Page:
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January 19, 2000
Cabinet decides to get rid of pesky TRAI
Josy Joseph in New Delhi
The Union Cabinet today decided to dismantle the controversial Telecom Regulatory Authority of India and replace it with two separate bodies.
Announcing the decision to issue a Telecom Regulatory Ordinance, Information and Technology Minister Pramod Mahajan said TRAI would be replaced with a dispute settlement body and another appellate tribunal.
"With this ordinance we are reconstituting the composition of the present TRAI which had seven members," Mahajan said.
He said the new body would have a chairperson, two permanent members and two part-time members.
The proposed dispute settlement body and the tribunal will both have a life of three years.
Mahajan said it would not be necessary for the chairperson of the new body to be a former Supreme Court judge. Justice S S Sodhi currently heads TRAI.
The ordinance will come into effect "soon", the minister said.
The government's decision comes in the wake of the Delhi high court's order of January 18 spiking the TRAI's decision to allow free incoming calls on cellular phones.
The court quashed the 'calling party pays' (CPP) regime notified by the authority after a longstanding dispute in which the Department of Telecommunications and the Mahanagar Telephone Nigam Limited took on Justice Sodhi's team for favouring private parties.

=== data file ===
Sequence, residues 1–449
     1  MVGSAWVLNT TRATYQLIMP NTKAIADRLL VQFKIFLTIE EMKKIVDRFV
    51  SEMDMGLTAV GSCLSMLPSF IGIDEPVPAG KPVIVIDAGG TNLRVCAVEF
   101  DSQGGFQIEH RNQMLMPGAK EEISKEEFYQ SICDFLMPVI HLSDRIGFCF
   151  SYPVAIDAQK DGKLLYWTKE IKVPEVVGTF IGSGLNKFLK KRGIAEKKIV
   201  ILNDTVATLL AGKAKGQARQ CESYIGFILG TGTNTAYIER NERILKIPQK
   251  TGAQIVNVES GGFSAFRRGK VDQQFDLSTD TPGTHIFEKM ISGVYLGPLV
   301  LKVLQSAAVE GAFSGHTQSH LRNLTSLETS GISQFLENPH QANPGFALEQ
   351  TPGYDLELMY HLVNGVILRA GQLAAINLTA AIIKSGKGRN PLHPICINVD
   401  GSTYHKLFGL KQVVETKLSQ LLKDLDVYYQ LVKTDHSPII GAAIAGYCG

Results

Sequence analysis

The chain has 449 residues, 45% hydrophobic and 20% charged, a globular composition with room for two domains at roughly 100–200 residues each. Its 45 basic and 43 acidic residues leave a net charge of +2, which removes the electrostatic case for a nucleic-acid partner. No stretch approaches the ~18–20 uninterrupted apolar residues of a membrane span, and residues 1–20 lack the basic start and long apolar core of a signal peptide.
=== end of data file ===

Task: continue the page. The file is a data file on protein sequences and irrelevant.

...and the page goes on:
The court had stayed implementation of the caller-pays regime on October 28 last year. A division bench comprising Chief Justice S N Variava and Justice S K Mahajan said TRAI could only regulate interconnect agreements between operators and not impose interconnection rates on service providers.
The bench also said TRAI regulations could not supersede conditions in licence agreements.
The petitioners, DoT and MTNL, had both argued that since cellular licence agreements did not provide for access payments to cellular operators by either of them, there was no question of sharing revenue for incoming cellular calls.
The TRAI had notified the CPP regime, saying that incoming calls to cellphones would be free and the caller dialling the cellular number would be billed at a premium. The revenue was to be shared between the basic and cellular operators in a 1:2 formula.
While observing that the TRAI had an important role in protecting consumer interest, the bench said the benefits of moving cellular operators to a financially less taxing, revenue sharing regime ought to have been passed on to the consumers.
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